Uluru Facts

The Rock is famous for having many “moods”, and appearing to change colour depending on the time of day, the weather and the season.

How many people visit Uluru-Kata Tjuta National Park?

Every year more than 250,000 people come from all over the world to experience the natural and cultural wonders of Uluru and Kata Tjuta.

How high is Uluru?

Uluru rises 348 metres above the surrounding plain. That’s higher than the Eiffel Tower in Paris, the Chrysler Building in New York or the Eureka Tower in Melbourne.

How far is it around Uluru?

The walking trail around the base of Uluru is around 10km. The Rock has a circumference of about 9.4 km.

How much does Uluru weigh?

In 2018 the Northern Territory Geological Survey calculated the weight of Uluru for the ABC TV Series Catalyst. Their estimate was 1,425,000,000 tonnes – and that’s just the part above the ground!

Around the Base

Uluru is surrounded by waterholes, springs, caves and fascinating rock formations and ancient Aboriginal rock paintings.

When did Uluru-Kata Tjuta become a national park?

Ayers Rock (which we now call Uluru) was first declared a national park in 1950.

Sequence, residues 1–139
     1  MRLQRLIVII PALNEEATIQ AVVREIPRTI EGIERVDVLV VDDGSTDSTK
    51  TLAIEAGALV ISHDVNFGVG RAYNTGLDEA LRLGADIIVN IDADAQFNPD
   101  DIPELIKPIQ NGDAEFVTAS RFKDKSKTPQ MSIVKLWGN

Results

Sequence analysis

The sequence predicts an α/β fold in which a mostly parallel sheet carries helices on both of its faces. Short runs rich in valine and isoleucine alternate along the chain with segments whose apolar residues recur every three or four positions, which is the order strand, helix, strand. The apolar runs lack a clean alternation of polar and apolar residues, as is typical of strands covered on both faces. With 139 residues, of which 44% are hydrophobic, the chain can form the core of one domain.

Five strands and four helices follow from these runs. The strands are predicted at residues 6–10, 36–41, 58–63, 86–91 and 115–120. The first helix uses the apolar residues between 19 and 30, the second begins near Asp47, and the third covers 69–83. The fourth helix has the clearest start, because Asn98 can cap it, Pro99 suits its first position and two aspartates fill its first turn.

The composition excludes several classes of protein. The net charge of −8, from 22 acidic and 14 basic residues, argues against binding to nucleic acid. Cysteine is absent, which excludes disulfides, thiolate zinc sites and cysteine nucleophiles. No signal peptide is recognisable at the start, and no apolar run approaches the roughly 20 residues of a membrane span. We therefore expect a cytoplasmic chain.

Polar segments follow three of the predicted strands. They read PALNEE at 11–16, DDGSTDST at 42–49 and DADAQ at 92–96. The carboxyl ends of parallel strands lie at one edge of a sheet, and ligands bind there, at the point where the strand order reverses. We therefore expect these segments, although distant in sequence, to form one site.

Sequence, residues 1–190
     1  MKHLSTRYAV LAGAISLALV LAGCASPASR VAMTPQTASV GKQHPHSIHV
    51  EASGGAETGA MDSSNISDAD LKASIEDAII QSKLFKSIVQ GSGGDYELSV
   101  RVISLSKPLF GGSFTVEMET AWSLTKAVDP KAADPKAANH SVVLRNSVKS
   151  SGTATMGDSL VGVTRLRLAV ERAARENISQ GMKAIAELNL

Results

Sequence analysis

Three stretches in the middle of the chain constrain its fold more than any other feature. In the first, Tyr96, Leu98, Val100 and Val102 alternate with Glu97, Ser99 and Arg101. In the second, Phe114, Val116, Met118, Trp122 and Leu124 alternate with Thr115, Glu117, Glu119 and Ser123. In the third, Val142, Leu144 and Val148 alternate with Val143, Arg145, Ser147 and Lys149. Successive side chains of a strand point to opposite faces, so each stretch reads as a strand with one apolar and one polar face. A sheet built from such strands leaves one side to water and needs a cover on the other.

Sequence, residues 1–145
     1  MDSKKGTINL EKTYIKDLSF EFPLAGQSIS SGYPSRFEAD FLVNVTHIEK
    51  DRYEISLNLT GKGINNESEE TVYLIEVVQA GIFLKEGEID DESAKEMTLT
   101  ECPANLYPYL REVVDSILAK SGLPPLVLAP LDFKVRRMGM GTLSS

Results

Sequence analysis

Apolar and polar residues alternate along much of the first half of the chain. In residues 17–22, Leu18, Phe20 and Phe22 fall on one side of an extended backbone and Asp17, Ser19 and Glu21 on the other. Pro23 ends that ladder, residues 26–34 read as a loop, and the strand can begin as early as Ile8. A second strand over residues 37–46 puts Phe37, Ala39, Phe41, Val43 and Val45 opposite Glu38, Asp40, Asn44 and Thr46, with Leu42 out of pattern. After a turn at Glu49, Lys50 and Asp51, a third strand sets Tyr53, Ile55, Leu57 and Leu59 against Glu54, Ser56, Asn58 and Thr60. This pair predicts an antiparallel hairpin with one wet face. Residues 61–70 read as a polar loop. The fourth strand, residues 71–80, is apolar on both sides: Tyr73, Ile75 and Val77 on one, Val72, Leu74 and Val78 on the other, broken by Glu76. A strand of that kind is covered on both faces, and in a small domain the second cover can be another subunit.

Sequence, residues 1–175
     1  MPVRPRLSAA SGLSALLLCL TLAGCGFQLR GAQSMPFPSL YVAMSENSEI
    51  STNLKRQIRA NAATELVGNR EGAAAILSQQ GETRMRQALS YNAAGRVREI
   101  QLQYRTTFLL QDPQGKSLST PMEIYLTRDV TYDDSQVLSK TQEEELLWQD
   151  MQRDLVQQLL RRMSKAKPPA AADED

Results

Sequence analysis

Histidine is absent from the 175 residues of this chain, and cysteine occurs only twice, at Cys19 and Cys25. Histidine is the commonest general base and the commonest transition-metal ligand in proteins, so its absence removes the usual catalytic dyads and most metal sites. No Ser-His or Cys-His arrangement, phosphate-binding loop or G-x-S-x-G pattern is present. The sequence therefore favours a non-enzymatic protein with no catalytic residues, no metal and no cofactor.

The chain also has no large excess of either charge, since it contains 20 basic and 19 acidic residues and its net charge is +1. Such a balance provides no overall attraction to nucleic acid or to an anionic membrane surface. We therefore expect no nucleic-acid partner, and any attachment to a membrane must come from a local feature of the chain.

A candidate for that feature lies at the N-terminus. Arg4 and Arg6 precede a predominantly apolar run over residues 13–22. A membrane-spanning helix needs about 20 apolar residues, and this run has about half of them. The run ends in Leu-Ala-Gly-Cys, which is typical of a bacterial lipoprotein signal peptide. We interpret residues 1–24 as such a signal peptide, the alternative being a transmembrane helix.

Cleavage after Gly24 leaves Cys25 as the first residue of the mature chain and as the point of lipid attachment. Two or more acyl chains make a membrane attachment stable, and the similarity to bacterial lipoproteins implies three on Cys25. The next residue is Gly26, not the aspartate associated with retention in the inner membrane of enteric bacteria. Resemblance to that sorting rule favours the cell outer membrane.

In 1958, both Ayers Rock and Mount Olga (now Kata Tjuta) were excised from an Aboriginal reserve to form the Ayers Rock–Mt Olga National Park. The park’s name was changed to Uluru and Kata Tjuta (Ayers Rock–Mt Olga) National Park in 1977.

The park was officially renamed Uluru-Kata Tjuta National Park in 1993.

Indigenous Heritage

Uluru and Kata Tjuta are both sacred places for the Anangu people, who have a strong living culture and connection to the area. Archaeologists believe Aboriginal people have been living in Central Australia for over 30,000 years.

In 1985, after more than 35 years of campaigning, Anangu were recognised as the traditional owners of the park and were handed the deeds to their homelands. This is known and referred to today as Handback.

Who owns Uluru and Kata Tjuta?

Anangu own Uluru and Kata Tjuta and lease the land to the Australian Government. Parks Australia and Anangu work together as partners, jointly managing the national park using a mix of modern science and traditional knowledge.

World Heritage Listed

This is a UNESCO World Heritage site. Uluru is an unmistakable symbol of the Australian outback and is one of the top destinations for travellers to Australia.

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